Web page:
The Non-Academic Staff Union (NASU) have threatened to resume their previously suspended strike if the government refuses to reinstate a new sharing formula for the N22.1bn earned allowances allocated to the four unions (ASUU, NASU, SSANU & NAAT)
Recall that the Federal Government had in the sharing formula, alloted 75 percent of the N22,127 billion to the Academic Staff Union of Universities, ASUU and the remaining 25 percent to the Non-Academic Staff Union of Educational and Associated Institutions, NASU, the Senior Staff Association of Nigerian Universities, SSANU and the National Association of Academic Technologists, NAAT.
While the three non-teaching unions have rejected the sharing formula, NAAT has called on the government not to lump its share with any other union.
Speaking at its National Executive Council, NEC, meeting in Abuja, the President of NASU, Dr Makolo Hassan, decried the alleged injustice against the non teaching workers in the sharing formula.
He said: “The unending crisis associated with the unjustified sharing formula of the Earned Allowance in the Universities and Inter-University Centres calls to question the sincerity of this Government toward the fight against corruption.
“It is clear to us that Government officials do not give premium to issues of equity, fairness, natural justice and good conscience. Close to five years, the Non-Teaching Staff Unions in the universities and Inter-University Centres have fought relentlessly over the disproportionate sharing formula of 80/20% and 75/25% to the Academic and Non-Teaching Staff in our Universities.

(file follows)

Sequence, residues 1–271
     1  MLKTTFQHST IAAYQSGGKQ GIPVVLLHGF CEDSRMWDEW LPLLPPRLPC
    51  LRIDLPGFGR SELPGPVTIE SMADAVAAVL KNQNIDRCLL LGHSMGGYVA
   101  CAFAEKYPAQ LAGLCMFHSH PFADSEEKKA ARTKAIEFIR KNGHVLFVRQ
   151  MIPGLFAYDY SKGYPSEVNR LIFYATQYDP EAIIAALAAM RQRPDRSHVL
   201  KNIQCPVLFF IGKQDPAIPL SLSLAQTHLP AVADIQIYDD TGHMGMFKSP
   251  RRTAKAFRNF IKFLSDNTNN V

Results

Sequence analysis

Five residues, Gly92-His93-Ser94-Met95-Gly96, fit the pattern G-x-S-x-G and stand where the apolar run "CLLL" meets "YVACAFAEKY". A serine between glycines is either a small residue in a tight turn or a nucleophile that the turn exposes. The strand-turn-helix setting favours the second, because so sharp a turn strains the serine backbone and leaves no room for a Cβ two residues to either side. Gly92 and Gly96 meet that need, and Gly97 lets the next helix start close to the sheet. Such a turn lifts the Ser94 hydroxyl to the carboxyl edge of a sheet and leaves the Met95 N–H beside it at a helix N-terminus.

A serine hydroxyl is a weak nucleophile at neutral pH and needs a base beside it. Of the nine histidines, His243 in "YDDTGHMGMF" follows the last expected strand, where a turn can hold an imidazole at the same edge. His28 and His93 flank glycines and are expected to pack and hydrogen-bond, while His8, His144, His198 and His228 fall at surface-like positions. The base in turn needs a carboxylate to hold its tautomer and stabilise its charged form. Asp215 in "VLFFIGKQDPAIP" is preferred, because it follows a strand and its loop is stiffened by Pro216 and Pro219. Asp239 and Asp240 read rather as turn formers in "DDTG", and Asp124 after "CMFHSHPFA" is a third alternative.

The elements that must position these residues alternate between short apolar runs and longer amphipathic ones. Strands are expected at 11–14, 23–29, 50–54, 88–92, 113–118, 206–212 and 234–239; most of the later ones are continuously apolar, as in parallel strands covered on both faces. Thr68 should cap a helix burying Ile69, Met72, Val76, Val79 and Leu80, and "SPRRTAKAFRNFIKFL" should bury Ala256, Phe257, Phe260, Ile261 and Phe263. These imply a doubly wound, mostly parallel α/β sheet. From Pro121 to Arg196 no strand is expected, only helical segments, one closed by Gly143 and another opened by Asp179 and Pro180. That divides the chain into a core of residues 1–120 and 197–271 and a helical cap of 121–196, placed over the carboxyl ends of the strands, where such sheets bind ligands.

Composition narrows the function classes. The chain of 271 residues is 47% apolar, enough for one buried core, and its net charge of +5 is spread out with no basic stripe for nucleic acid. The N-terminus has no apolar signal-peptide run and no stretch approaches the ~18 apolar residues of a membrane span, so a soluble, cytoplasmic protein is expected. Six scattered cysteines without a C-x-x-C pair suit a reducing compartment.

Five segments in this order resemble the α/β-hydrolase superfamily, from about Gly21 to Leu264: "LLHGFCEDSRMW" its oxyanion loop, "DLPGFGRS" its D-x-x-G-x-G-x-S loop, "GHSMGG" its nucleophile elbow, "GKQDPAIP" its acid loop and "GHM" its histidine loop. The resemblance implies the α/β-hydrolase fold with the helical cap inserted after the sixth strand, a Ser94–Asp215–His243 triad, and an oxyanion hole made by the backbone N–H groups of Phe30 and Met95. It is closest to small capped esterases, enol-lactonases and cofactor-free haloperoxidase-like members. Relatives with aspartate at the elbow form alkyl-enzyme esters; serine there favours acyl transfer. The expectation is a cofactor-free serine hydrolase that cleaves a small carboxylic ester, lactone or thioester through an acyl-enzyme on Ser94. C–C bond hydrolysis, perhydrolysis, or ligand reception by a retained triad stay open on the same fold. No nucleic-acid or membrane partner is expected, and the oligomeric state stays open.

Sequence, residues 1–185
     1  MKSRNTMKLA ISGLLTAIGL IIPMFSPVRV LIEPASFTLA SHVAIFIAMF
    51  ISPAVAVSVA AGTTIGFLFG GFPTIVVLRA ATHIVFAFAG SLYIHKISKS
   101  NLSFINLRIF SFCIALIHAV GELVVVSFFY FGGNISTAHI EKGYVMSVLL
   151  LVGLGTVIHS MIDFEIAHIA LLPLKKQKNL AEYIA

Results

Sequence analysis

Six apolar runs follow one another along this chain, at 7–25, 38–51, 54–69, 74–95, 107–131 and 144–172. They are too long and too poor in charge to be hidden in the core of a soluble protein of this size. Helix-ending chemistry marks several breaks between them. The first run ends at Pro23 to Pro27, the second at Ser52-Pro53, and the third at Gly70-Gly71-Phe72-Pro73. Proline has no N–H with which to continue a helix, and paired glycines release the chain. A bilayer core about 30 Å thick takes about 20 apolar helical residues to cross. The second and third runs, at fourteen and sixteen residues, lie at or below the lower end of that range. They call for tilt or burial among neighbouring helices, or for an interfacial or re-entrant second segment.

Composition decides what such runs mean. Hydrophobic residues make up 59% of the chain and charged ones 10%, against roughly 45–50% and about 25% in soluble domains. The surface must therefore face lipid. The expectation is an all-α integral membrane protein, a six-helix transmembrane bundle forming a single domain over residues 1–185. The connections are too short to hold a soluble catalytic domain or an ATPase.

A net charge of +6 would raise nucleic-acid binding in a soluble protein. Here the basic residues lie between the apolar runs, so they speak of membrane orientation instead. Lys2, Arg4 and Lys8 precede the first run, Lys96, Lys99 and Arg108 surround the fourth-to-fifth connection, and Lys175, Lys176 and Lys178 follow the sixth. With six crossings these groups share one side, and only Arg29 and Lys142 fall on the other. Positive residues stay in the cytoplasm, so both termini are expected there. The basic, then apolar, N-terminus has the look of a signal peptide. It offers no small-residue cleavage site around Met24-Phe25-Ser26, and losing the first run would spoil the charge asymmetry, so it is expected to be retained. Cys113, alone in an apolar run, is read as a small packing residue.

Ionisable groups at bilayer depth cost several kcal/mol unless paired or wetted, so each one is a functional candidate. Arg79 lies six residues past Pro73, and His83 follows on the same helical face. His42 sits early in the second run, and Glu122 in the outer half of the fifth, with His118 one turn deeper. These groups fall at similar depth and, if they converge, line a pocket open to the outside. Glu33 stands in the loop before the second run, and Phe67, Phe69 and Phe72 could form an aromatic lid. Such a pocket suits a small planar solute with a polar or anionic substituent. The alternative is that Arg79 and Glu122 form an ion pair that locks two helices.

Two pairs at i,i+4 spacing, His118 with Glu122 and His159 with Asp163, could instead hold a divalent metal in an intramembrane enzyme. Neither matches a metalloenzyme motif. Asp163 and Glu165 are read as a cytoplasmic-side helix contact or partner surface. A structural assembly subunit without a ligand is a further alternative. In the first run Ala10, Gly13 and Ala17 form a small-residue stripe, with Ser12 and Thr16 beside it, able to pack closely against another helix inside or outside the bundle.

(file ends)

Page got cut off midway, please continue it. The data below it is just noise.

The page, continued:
“We are, therefore, using this medium to call on the President to intervene and stop the continuous sowing of seed of inequity and distrust in the system by officials of this government. We are aware of plans to share the next round of the Earned Allowance in the same manner it was done previously.
“To continue to ignore the feelings of non-teaching staff in these acts of unfair treatment, will not make the feeling go away. Rather, such attitude of government officials will continue to provoke industrial crisis in the system.
“We are making it clear that if the Federal Government decides as usual to ignore this appeal, then government would have forced us into resuming our suspended strike on this matter.”
In his remarks, the General Secretary of NASU, Prince Peters Adeyemi, linked industrial actions in the country to non-adherence to signed agreements by government.
Adeyemi lamented the non-payment of arrears of the National Minimum Wage signed into law by President Muhammadu Buhari in 2019.
He appealed to the federal government to honour all agreements to avoid industrial unrest in the country.
He said: “The non adherence to the MoU and MoA signed by government is at the root of crisis in our education sector.
“It is not lack of education that is responsible for industrial crisis it is lack of insincerity on the part of government functionaries that is responsible for these series of industrial actions that we are seeing from one sector to the other.
“This fire brigade approach has to be put on hold. Fire brigade approach that is lacking in transparency and honesty.
“When a union gives notice of strike it is expected that the leadership of the union should be either invited or communicated.
“Everybody must do its own part of the bidding, except that is done there will be strike everywhere.
“When MoA and MoU are signed with timeline, government should do everything possible to honour those agreements. For as long as government keeps on signing agreements just to get unions to suspend their strike, after signing the agreement you go to bed, you will have more strikes. Because you cannot expect the Trade Unions to surrender.’’
“There is a need for this government to have a change of attitude. The way the Trade Unions in this country are being treated today is unacceptable. We should be seen as partners in progress because we create the wealth of this country.”